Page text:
Previous Post Next Post

Mom

Brought to you by

Hypnobirthing: Does it Work?

By Sierra Black |

Does Hypnobirthing Work?Ready for a blissed out birth? A method of childbirth preparation called Hypnobirthing is garnering international attention for, purportedly, giving women the pain relief of an epidural without taking any actual drugs.

Riiiiiight.

I’m totally the touch-feely, woo-woo type. I’ve spent more hours naked in the woods bonding with my inner child than I care to admit. For more than a decade, I’ve been training in mind-altering meditation techniques.

You had better believe I used them in labor.

I also, 30 hours into labor with my first child, had an epidural. With the second, all the pain relief I got came from my mad skills at self-hypnosis and a tub of warm water. The midwives would not even give me two Advil after I’d pushed out my 10.6 pound daughter.

Let me tell you: a steady drip of drugs to the spine is very different from deep relaxation exercises.

I’m all for Hypnobirthing, and Birthing in Awareness, or whatever path you want to take to a blissful birth experience. But I think any woman who goes into labor thinking her breathing exercises will take all the pain away is in for a rude awakening when the contractions start.

Childbirth is hard. It’s hard with drugs and hard without them; in a hospital or at home. I’d encourage any pregnant woman to lay hold of any safe tool that will make that passage easier for her. In that sense, Hypnobirthing and it’s ilk are a great tool: the side effects are nil, and for some women the benefit is huge.

Better yet, the tools you learn in these classes can also help you keep your cool when you’re going through the rough patches of parenting. There won’t be a friendly nurse with an IV there to back you up at 4 a.m. when your sick baby has been screaming for 8 hours, but you can always take a deep breath.

Did you birth in drug-free bliss using Hypnobirthing, or a similar technique? Would you try it with a future pregnancy?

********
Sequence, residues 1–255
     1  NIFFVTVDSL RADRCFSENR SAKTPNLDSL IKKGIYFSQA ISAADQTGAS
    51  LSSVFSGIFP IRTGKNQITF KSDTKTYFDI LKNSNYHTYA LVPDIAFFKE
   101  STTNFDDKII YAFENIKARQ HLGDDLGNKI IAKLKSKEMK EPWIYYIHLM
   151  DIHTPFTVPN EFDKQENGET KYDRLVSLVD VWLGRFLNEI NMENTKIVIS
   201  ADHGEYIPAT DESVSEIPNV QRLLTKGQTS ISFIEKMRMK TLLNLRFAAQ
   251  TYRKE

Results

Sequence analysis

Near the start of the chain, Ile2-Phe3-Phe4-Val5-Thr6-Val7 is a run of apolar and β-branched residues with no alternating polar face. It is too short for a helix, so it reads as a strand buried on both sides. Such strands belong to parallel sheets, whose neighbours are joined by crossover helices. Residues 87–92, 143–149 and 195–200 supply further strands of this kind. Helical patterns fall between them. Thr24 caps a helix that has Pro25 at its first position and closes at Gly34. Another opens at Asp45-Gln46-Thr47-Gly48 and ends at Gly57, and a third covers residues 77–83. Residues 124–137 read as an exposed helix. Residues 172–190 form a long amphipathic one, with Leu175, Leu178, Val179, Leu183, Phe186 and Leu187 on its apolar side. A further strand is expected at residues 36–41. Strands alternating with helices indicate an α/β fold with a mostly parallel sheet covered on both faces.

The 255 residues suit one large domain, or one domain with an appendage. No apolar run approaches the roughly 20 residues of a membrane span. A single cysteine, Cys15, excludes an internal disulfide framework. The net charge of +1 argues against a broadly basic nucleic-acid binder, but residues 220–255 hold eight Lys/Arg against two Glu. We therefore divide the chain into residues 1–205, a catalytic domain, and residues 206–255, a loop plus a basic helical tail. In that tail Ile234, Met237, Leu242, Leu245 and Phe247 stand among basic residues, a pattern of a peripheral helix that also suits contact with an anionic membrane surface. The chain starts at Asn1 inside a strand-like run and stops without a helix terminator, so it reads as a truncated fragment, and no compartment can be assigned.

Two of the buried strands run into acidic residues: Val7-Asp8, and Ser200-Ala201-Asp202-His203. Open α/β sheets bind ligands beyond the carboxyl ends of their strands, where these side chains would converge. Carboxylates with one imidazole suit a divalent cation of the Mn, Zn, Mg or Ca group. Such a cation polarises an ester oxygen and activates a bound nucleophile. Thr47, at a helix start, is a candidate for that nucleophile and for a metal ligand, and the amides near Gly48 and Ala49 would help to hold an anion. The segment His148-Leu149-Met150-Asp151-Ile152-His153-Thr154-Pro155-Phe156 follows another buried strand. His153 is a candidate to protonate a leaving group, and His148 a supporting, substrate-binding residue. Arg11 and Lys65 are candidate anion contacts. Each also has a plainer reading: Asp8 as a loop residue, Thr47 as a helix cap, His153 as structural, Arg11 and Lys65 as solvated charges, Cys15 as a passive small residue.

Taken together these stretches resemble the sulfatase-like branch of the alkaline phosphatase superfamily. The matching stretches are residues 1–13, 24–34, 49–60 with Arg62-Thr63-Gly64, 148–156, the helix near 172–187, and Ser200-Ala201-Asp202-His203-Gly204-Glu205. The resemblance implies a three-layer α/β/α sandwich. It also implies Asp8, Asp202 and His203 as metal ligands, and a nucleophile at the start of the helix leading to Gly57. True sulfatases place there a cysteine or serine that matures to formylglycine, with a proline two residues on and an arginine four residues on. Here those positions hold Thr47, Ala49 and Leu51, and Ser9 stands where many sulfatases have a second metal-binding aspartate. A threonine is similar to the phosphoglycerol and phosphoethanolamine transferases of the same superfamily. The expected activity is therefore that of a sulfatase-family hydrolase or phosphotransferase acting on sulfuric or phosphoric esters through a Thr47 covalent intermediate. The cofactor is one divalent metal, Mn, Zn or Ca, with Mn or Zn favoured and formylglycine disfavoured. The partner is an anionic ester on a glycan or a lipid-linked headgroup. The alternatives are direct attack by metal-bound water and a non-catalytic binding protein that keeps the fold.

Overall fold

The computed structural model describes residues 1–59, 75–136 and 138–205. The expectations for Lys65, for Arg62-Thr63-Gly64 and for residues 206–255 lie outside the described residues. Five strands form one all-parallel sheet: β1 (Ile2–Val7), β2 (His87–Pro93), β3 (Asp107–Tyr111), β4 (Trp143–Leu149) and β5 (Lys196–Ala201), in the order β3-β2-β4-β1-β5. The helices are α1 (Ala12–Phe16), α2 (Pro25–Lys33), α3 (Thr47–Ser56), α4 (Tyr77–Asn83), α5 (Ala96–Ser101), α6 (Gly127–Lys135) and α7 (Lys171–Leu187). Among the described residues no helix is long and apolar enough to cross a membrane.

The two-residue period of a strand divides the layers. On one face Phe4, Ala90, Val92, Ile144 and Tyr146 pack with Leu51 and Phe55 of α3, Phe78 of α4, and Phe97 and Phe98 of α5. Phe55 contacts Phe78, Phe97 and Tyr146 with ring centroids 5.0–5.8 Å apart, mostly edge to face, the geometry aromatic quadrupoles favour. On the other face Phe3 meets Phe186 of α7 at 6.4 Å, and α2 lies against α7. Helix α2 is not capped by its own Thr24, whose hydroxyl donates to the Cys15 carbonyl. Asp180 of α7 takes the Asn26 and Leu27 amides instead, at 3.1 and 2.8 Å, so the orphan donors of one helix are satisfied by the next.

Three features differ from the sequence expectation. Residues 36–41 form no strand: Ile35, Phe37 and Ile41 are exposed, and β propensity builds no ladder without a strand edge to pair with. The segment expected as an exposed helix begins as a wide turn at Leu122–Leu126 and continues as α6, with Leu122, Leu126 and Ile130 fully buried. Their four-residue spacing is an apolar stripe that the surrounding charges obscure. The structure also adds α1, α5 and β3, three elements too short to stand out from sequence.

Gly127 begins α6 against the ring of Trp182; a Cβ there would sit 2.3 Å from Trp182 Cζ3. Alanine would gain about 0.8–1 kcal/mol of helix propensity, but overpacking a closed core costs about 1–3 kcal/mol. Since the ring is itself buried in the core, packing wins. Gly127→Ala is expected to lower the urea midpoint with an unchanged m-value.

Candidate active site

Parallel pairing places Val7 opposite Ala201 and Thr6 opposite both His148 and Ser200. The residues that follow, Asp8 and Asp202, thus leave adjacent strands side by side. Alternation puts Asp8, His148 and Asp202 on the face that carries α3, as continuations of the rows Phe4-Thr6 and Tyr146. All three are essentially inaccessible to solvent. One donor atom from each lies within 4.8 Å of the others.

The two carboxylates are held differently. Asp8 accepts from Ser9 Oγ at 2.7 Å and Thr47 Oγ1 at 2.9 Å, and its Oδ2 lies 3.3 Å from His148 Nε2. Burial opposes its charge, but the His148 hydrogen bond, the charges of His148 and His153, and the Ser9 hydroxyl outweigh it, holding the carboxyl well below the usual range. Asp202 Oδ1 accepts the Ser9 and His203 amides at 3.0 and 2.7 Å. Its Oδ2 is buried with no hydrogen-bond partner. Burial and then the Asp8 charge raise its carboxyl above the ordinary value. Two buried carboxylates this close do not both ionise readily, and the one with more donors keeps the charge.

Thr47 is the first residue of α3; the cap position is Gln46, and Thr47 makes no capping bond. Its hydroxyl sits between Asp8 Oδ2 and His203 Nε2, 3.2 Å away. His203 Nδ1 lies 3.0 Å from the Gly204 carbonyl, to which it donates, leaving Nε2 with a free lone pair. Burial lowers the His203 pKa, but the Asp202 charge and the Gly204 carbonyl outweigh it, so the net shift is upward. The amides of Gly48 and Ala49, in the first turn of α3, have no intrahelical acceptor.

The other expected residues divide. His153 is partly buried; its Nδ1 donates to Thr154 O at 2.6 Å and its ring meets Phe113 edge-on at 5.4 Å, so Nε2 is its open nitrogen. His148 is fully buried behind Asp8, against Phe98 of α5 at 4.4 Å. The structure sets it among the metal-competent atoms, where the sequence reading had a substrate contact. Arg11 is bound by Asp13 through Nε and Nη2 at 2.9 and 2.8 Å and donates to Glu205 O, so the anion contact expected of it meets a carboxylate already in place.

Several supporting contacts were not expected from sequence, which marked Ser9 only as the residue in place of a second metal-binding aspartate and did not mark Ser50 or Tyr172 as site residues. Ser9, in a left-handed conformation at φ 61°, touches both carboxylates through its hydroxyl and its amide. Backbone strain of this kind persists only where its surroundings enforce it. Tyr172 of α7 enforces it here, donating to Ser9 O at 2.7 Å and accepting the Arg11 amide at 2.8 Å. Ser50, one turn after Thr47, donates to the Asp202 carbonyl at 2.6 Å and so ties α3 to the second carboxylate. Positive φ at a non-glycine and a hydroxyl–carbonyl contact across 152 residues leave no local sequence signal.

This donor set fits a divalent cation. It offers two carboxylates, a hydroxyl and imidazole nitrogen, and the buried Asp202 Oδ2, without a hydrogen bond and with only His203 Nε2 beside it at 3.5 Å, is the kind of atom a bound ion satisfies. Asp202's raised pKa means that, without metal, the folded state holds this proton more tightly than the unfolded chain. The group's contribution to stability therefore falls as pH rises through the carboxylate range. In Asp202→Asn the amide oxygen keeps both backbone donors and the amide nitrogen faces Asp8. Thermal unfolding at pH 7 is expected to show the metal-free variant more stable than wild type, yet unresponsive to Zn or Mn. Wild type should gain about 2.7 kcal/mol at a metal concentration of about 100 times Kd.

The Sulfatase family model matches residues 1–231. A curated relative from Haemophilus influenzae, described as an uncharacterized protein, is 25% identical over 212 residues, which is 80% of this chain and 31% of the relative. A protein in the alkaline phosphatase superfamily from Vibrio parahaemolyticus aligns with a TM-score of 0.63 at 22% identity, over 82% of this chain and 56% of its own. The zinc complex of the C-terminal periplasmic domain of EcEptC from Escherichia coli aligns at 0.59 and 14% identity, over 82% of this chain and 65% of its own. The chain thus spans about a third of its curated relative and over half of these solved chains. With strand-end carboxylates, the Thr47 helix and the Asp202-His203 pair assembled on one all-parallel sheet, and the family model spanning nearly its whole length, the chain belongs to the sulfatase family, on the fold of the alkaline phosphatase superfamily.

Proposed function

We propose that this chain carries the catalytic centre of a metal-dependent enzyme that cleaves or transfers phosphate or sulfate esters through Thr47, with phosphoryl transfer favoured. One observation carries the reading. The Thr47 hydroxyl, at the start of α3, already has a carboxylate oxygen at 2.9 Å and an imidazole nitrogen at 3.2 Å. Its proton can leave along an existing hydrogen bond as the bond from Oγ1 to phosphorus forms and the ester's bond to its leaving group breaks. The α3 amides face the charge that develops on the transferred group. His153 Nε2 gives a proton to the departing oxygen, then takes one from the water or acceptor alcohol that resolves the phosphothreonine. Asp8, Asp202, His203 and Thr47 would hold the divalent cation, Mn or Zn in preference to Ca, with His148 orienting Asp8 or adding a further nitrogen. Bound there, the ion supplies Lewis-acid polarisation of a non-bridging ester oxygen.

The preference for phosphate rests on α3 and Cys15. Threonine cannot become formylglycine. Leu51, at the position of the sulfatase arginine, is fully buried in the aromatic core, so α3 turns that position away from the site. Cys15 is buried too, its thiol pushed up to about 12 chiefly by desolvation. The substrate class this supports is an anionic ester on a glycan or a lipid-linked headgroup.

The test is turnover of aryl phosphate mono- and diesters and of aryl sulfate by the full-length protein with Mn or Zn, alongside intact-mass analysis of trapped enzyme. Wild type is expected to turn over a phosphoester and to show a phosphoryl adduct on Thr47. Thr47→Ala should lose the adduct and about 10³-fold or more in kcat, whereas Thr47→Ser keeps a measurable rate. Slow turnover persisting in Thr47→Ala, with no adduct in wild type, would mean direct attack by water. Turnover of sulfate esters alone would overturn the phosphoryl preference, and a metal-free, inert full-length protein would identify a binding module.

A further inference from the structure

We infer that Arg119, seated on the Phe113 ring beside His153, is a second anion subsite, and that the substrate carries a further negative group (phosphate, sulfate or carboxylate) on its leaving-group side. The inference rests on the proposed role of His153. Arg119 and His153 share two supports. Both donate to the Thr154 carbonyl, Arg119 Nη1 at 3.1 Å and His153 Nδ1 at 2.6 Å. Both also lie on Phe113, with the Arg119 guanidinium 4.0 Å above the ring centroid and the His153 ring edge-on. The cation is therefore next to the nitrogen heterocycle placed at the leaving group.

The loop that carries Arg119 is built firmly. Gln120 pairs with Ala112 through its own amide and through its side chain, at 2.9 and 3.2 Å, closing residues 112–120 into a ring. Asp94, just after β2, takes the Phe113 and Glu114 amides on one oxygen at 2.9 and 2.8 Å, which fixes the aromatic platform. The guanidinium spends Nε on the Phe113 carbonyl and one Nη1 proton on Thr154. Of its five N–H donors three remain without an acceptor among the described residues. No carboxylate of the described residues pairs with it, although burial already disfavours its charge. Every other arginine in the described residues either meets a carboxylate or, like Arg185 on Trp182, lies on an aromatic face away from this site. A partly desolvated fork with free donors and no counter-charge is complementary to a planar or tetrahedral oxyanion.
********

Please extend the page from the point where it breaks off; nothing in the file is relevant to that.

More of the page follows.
Photo: lululemon athletica

More on Babble

About Sierra Black

sierra

Sierra Black

Sierra Black lives, writes and raises her kids in the Boston area. She loves irreverence, hates housework and wants to be a writer and mom when she grows up. Read bio and latest posts → Read Sierra's latest posts →

« Go back to Mom

Use a Facebook account to add a comment, subject to Facebook's Terms of Service and Privacy Policy. Your Facebook name, profile photo and other personal information you make public on Facebook (e.g., school, work, current city, age) will appear with your comment. Comments, together with personal information accompanying them, may be used on Babble.com and other Babble media platforms. Learn More.

0 thoughts on “Hypnobirthing: Does it Work?

  1. Samantha says:

    I did the hypnobirthing and it was not at all pain free. I didn’t expect it to be, though. I knew that it would hurt less if my muscles were relaxed as opposed to tense so that’s all I expected. That and the tub made my 7 hour labor tolerable enough. If it had gone on for hours and hours I probably would’ve been in the “give me the drugs!” camp, so I got lucky.

  2. [...] Hypnobirthing. According to a recent article …. A method of childbirth preparation called Hypnobirthing is garnering international attention for, purportedly, giving women the pain relief of an epidural [...]